As people all over the world mourned the murder of Prime Minister Yitzhak Rabin in individual synagogue and community memorial tributes, they also came together in a collective venue – cyberspace.
From far-flung locales such as Botswana and Beirut to Jewish population centers in North America, Jews and non-Jews logged on to their computers in astounding numbers once they heard the news of the assassination.
Each of the major on-line services had bulletin boards full of hundreds of messages about the assassination and some, including America Online, offered real-time cyber-chats between members – some of whom vehemently disagreed.
On one of the AOL bulletin boards this week, a man named Zalmi wrote: “The fact that Rabin was killed is the proper punishment for the person who gave away the land of Israel to the Arabs.”
SAlbert promptly responded: “A Jew’s murdering Rabin does not bode well for Israel, neither does the hatred and vitriol that Jews have directed toward each other.
“Now more than ever, we have a need for ahavas Yisrael (love of Israel) and for achdus Yisrael (unity of Israel),” he said.
“Please tone down the rhetoric and don’t inflame divisions between Jews. Hatred between Jews must not be allowed to grow and those opposed to it must speak out,” SAlbert wrote.
Among the most powerful postings were the thousands and thousands of condolences being written on-line.
Most of the message-writers were from North America and Israel. But many logged on from Finland and Singapore, from South African and Australia, from Bolivia and Korea.
From Botswana one correspondent wrote simply: “May he rest in peace.”
The common thread in most of the messages was a sense of shock and sadness. Some who left messages wrote that they despaired for the future of the Jewish people. Some clung to a sense of hope for the peace process.
Thousands of messages have been written in each of the 14 “condolence books” put on the World Wide Web by the Israeli Internet provider service Netking (http://www.netking.com).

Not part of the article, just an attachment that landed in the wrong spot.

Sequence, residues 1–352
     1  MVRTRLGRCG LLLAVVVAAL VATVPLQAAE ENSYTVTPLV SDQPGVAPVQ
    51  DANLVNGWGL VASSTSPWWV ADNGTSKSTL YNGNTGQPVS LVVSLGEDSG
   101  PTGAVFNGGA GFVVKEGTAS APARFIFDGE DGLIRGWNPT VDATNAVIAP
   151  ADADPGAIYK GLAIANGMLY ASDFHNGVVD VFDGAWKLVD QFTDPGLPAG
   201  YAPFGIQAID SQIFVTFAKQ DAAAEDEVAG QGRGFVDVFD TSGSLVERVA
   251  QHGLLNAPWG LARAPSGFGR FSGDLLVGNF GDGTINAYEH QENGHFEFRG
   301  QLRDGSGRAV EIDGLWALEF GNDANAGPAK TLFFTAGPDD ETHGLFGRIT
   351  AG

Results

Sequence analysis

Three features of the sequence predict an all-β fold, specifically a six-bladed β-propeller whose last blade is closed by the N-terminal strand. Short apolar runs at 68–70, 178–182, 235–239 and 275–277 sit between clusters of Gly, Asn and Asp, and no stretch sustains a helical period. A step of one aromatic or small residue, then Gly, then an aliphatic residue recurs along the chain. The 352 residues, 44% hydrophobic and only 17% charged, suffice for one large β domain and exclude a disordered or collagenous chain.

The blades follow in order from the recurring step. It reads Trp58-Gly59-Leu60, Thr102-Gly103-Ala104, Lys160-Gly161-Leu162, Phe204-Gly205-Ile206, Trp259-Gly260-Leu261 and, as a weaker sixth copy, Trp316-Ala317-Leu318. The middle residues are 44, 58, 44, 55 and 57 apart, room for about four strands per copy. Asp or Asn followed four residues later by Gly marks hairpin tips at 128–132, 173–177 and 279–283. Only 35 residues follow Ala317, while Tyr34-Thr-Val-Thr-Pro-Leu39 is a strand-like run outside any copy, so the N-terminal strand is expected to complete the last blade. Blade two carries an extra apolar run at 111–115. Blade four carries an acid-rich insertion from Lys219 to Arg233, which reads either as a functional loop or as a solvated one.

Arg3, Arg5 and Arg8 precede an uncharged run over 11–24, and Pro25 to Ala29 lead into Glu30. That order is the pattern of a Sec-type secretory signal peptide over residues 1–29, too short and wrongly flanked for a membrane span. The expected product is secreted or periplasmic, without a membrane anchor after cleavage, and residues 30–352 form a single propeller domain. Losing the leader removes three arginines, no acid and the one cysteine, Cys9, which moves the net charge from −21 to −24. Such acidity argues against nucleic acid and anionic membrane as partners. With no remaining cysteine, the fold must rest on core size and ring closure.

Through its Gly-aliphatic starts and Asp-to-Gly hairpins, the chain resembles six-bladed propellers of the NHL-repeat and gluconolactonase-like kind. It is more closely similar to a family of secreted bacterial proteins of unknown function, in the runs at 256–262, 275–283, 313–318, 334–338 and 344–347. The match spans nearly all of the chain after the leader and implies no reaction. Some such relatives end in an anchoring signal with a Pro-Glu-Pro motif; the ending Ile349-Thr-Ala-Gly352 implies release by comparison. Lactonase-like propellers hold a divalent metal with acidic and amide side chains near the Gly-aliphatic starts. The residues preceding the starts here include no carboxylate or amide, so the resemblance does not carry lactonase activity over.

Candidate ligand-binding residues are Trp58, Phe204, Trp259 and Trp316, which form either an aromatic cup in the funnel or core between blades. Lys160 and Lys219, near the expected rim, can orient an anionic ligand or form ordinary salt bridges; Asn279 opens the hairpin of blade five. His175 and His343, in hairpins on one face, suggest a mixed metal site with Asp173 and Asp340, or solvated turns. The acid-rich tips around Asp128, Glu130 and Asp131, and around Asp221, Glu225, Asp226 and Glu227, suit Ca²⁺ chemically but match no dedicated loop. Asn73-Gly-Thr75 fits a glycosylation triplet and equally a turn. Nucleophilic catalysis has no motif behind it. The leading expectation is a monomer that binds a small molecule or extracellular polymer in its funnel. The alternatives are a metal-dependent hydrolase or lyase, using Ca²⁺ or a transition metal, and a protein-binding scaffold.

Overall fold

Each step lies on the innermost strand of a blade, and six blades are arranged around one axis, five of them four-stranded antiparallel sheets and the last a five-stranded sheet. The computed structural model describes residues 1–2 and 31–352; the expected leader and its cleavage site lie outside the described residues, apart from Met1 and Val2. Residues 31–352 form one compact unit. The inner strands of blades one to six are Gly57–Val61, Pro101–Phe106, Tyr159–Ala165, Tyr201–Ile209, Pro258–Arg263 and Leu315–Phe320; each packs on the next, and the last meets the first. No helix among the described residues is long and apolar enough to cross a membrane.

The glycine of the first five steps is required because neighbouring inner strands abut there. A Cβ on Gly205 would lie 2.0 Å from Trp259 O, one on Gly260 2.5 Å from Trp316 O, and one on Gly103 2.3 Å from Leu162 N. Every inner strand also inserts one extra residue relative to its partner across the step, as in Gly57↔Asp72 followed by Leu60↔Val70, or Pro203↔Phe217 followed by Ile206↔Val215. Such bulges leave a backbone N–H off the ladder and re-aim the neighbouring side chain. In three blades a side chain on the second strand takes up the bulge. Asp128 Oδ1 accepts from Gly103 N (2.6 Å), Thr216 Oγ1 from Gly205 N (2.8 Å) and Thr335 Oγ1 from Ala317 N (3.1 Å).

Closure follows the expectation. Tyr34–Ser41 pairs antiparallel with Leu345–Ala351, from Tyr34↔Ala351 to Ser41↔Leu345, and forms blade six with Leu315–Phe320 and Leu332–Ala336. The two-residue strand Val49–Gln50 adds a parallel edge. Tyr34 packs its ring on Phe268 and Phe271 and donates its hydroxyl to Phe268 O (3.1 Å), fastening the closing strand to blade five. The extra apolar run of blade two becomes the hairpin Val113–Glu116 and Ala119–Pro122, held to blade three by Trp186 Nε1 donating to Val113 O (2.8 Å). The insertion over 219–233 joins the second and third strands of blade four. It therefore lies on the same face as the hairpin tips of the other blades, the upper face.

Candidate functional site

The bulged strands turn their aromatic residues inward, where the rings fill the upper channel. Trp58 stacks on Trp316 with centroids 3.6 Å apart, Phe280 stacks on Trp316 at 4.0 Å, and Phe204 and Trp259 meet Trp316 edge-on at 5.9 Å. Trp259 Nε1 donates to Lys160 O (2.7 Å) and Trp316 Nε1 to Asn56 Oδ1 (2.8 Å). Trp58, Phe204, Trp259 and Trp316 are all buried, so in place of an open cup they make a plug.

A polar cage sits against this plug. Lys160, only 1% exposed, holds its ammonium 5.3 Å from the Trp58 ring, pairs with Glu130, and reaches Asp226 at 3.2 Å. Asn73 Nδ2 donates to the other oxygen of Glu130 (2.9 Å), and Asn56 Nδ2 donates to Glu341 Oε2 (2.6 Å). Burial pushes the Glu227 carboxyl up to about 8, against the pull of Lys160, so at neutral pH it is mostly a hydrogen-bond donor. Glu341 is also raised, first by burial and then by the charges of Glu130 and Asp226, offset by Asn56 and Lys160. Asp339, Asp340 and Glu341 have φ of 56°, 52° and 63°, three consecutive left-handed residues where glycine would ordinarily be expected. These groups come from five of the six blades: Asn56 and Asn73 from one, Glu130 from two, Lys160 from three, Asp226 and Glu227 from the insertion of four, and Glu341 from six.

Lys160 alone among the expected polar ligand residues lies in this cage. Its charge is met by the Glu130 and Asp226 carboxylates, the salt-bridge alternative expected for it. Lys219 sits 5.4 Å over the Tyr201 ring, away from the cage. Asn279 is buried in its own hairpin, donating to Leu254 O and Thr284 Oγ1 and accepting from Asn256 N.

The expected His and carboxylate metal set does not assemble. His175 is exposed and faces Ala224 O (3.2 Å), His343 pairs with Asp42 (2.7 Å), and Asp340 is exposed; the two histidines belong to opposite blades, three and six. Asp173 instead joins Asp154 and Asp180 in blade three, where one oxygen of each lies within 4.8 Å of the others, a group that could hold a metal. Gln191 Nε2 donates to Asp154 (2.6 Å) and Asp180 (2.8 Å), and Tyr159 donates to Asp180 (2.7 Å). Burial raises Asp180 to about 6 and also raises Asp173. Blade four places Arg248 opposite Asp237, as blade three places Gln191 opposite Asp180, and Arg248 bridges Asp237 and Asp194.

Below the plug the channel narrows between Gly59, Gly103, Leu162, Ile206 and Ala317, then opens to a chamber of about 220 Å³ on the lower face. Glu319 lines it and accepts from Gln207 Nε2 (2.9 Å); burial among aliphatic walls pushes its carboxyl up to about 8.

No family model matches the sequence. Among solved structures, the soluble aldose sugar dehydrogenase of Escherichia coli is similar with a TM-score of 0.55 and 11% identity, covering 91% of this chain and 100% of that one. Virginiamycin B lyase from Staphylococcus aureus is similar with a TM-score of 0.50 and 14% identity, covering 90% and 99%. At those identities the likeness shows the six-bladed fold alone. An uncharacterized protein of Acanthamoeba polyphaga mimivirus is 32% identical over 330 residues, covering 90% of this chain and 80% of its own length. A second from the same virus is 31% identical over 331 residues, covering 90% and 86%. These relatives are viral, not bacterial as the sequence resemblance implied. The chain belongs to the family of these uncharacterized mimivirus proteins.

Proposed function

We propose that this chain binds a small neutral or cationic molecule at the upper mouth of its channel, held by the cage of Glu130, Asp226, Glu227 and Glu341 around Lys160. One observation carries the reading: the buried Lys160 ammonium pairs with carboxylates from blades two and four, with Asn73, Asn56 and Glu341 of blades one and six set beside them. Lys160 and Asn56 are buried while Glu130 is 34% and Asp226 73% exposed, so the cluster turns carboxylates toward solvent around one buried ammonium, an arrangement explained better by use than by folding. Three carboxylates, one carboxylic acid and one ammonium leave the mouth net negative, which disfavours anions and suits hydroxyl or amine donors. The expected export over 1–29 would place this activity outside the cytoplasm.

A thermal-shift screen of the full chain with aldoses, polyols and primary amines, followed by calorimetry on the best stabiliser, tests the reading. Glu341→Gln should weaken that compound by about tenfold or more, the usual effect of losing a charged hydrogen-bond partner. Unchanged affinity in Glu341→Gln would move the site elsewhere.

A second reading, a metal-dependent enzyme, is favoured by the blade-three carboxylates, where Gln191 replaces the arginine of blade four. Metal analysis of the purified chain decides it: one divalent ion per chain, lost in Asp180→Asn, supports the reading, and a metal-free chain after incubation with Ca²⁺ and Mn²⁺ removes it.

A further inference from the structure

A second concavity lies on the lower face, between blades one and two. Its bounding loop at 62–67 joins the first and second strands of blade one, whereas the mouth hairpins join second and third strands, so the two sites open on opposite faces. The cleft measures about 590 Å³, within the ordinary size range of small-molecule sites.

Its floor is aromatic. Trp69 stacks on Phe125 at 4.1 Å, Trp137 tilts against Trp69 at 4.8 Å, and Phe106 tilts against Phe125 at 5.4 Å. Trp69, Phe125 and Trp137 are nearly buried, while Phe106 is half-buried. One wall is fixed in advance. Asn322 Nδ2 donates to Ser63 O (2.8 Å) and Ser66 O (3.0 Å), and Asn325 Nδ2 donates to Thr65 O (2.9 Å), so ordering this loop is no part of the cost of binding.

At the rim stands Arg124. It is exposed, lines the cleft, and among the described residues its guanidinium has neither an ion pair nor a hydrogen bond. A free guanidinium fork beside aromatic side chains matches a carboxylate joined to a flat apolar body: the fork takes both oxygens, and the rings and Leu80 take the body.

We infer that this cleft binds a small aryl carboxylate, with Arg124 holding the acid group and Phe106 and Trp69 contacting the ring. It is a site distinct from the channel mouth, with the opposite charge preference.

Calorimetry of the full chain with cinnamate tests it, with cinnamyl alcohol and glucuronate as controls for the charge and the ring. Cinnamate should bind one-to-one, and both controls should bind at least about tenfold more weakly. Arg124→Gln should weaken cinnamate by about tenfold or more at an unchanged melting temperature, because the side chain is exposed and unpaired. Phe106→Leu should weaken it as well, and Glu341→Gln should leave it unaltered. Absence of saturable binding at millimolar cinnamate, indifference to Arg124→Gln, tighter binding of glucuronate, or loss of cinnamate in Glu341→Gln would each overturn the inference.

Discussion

Hundreds more were posted to the condolence page put up by the Israeli Foreign Ministry (http://www.Israel-mfa.gov.il./news), according to a ministry spokesman in Jerusalem, who was responding to an e-mail query.
All the messages, promised the creators of the web pages, will be passed on to Leah Rabin, the prime minister’s widow.
The Foreign Ministry site also provides biographies of Rabin, on-line biographies of each of the Israeli government ministers and a printer on the structure and process of the Israeli political system.
On the Actcom page (http.//actcom.co.i./~asi/), Hebrew poetry written for Rabin is interspersed with photos, comments – and an update from the Islamic fundamentalist Hezbollah in Beirut.
“There was heavy firing into the sky in celebration in several parts of Beirut when it was learned that Rabin was dead,” according to the Hezbollah spokesman in Beirut.
But not everyone from Lebanon agreed with the celebrations. Hanna Abou-Makhlouf wrote in one of the condolence files: “I am very upset at the `spontaneous’ happy demonstrations in the streets of Beirut.
“The people firing in the air in the streets in jubilation are ignoring the silent majority of Lebanese who would agree with me that the cause of peace in our region has been hurt by Mr. Rabin’s death.
“If it was up to the Lebanese people we would have signed a peace with Israel long ago because we have very much to gain by peace and very much to lose by war and turmoil. But as you know we have been assigned a custodian – Mr. [Hafez] Assad of Syria – and we have to play along or else.
“My condolences to Mr. Rabin’s family and to the Israeli people. Let us give peace a chance.”
From Chicago, Ray Hanania, the president of the Palestinian-American Congress, wrote of his “deep sorrow at the news of Rabin’s murder” in a message he also posted on the Netking condolence page.
“While Rabin symbolized for many Palestinians harshness and pain in past years, during the past several years he symbolized a very brave individual who fought for a peace for both peoples.
“For that he will be remembered and admired by the people of Palestine,” Hanania wrote.
The Jewish Communications Network (http://www.jcn 18.com/) offers essays on the assassination’s ramifications by its own columnists and links to related news sources – from transcripts from the Voice of America to articles from the Jewish Telegraphic Agency, The San Francisco Examiner, Time magazine, USA Today and the Nando Times.
The price paid for free speech in cyberspace was also evident to some who logged on.
An Italian Jew named Daniel was getting on-line for the first time when Rabin was assassinated. “News came by so fast I couldn’t believe it,” he wrote. “At times, I was getting information faster than CNN.”
“But what upset me more than the assassination was the fact that a lot of white-supremacist/neo-Nazi knuckleheads were using the occasion to cut into the channel and spread the usual anti-Jewish filth, he wrote, adding in parentheses, “I’ll leave the details to your imaginations.”